SmartTrack was originally proposed as a major part of John Tory's 2014 mayoral campaign, bringing rapid and reliable commuter rail service to 22 stations across 53 kilometres of track. The concept for the transit line has since been pared down drastically to only six new stations, but will still extend from the airport lands to Markham.
Tory has consistently touted the system as a "surface subway" (akin to the London Overground), but subways run frequently and SmartTrack was proposed to run only every 15 minutes, which would not lead to an increase in ridership as hoped. Plans quickly changed and now the headways proposed are as little as 5 minutes, which while is still not as frequent as the subway (2-3 minutes on Line 1 during peak hours), it's a much better frequency than before.
The biggest issue to all of the promises made is that John Tory, who is now the Mayor of Toronto, didn't take into account the fact that to build a separate train line (which is what he proposed), you need to build separate segregated tracks. Building tracks requires the demolition of houses and buildings along the existing track corridors to expand them, which increases the cost of construction by billions. Two new platforms would also be required at the already overcrowded Union Station, and with this in mind, the project has been pared down and become much like an empty promise.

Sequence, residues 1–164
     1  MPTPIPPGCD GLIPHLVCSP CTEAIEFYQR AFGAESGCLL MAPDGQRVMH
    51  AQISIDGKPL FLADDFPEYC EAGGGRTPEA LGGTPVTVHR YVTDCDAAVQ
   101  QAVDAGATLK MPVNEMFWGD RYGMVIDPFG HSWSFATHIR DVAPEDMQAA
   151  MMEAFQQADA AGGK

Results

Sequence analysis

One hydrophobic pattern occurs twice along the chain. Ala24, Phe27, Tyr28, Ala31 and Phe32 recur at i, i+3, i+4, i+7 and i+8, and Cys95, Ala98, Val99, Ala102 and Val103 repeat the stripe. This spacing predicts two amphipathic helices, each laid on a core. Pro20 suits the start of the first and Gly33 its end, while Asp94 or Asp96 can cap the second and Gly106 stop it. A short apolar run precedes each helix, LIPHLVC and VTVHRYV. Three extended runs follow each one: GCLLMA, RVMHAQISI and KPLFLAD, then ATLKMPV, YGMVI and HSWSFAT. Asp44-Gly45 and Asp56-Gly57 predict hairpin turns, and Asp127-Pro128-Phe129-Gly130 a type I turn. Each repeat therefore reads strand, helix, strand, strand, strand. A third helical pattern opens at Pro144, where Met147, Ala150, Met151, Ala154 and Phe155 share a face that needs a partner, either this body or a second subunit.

Luckily, SmartTrack is being built in addition to GO's electrification scheme that will double train frequencies at most stations during the daytime. But in regards to the Mayor's transit plan, there's still many unanswered questions: what will the frequency actually be, will a change of trains be required at Union and what will passenger fares cost?